To post daily, or not to post daily

In the myriad of blog posts and websites around the Interwebz, one of the most common themes put out by social media experts is “more, more MORE!”. They tell you to post Tweets every few minutes, post multiple daily posts on your blog or website, and do everything you can to stay on the top of everyone’s social media lists of “active” posters.

Some people have asked why I don’t write daily posts, or multiple tweets per day. The answer? Quantity does not always equal quality.

The problem is simply this: if I were to post something every single day on my website, I would eventually run out of things to say. Eventually I would simply be repeating what 50 other people on the Internet are saying on their blogs, which is an exercise in futility. I prefer to keep the posts on my website informative, quality-driven, and aimed at providing actual resources for the readers who visit on a daily basis, not just fluff on a webpage to bring in hits-per-day.

Will I always write superb posts? Nope. I’m a human, just like anyone else, which means I am cursed to some degree with the gene of mediocrity. However, I do strive to rise above that gene and provide my readers with content that can actually help them improve upon their writing skills and in their writing career. You also have to remember that the main purpose of this website is simply an online resume with some added resources thrown in for people who care to read.

Some websites get thousands of hits per day. Others get tens of thousands. I get a few hundred. I’m happy with that number. Why? Because I know that when I make a post it’s not a regurgitated piece of copy that has been written a hundred times somewhere else in a watered-down format. Perhaps eventually I’ll build up to that number, but this website has only been in existence since November of 2009. We have a long, long way to go, and we are just getting started!

With that in mind, throughout 2010 I will be taking the time with Complete Writing Solutions to provide you, the reader (and hopefully writers!), with ways to increase your productivity, as well as show you ways to make more money with less effort.

The current writing contest is part of what I have planned for the year. Week 3 will be wrapping up sometime this week, and you’ll be happy to know I’m well ahead of my 50 dollars an hour plan. This is great news for all of the newbie writers out there who are wondering how the heck to make any money while they are working at building up clips and padding their CV, or for veteran writers who are looking for a way to supplement their income. The project is taking a close look at writing disposable website content for the we-want-it-now-and-we-want-it-in-bulk web content phenomena, and how to make it profitable for you, and so far, the results have been beyond expectations. So good, in fact, that I’m already prepping a round 2, which will be a second writing experiment I perform sometime in March or April.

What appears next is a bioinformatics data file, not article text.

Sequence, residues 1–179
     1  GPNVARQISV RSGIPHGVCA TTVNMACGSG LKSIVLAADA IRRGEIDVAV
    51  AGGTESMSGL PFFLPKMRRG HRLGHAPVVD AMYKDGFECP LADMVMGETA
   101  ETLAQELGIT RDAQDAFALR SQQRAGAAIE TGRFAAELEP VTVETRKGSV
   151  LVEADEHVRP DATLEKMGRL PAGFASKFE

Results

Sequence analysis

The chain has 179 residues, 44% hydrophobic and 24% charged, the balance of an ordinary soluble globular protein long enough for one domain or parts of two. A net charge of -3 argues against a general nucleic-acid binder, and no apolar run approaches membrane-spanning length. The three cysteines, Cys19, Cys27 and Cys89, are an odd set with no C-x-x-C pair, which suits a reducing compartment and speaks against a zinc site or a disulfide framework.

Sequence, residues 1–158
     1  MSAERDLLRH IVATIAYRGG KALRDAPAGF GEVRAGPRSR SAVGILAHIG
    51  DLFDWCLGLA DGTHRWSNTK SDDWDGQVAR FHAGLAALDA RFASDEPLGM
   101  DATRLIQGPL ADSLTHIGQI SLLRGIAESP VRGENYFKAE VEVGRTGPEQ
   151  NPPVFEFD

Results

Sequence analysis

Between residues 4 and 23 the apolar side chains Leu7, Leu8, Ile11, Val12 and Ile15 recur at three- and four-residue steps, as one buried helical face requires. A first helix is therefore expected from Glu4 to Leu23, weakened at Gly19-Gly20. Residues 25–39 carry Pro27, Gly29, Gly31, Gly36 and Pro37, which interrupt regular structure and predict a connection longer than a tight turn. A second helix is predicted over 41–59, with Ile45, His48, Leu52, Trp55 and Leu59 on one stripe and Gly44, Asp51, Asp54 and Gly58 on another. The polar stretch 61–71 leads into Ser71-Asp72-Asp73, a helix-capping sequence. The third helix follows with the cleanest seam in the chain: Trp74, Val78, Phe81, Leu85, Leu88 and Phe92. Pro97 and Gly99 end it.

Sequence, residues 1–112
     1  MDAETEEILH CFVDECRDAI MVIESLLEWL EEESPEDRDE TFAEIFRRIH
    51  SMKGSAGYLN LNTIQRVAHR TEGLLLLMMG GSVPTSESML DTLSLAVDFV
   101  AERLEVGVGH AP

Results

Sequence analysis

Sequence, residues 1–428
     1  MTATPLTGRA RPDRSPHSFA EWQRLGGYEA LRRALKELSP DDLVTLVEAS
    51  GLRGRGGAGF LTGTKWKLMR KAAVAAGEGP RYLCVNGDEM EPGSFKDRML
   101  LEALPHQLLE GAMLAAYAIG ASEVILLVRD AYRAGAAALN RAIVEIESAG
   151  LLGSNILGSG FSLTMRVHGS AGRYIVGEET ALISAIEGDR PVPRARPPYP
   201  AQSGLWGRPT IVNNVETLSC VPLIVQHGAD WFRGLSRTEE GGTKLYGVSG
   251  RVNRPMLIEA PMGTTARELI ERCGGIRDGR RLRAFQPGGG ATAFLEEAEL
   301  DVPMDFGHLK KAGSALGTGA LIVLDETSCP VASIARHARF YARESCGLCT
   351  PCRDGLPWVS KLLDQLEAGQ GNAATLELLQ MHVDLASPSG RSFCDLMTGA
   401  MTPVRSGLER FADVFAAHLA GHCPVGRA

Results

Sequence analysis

In the meantime, for those of you who read, I’d like to thank you for your participation, and for your support. Work is going excellent on this side of the world, and 2010 is shaping up to be our best year ever as we move forward into the rest of it. There are a lot of big plans, and I’m grateful to those of you who are along for the ride. To the rest, feel free to browse around the website and hopefully take away something that will help you in your writing career.

Stay tuned for Week 3’s results later this week!

T.W. Anderson is the founder of Complete Writing Solutions, and is a freelance writer specializing in travel writing, website content, interior design and home improvement, green-related topics, as well as anything else potential clients need him to be.

Posted in Freelance Writing Resources
2 comments on “To post daily, or not to post daily
  1. Anne Wayman says:

    Although you didn’t say so specifically, the answer to should you post every day, etc. is implied when you talk about what you want for your blog.

    That’s the real key. If you want thousands or 10s of thousands of readers you have to post and market more. If that isn’t your goal, post to support the goal… not what some expert says.

    I actually suggest writers use wordpress for almost static websites now, simply because they are so easy to update… the implication there is a post every year or so…

    A

  2. I love WordPress, personally. It’s easy to use, and I don’t have to spend a lot of time keeping things up-to-date, nor do I need to spend time learning coding, or pay money to someone else. I pay a little for the hosting every year, and that’s about it.

    You are absolutely right about traffic. It’s not my primary goal, for sure. Mostly this is a place to use as my online CV, and post a few resources for other writers. I also have no plans on using AdSense or selling any ad space to other people, at least not at this point in time. Most of my spare energy is focused on fiction work, while content work pays the bills :) Things could change in the future, but I’m not currently interested in the work it takes to bring in thousands of views per day.

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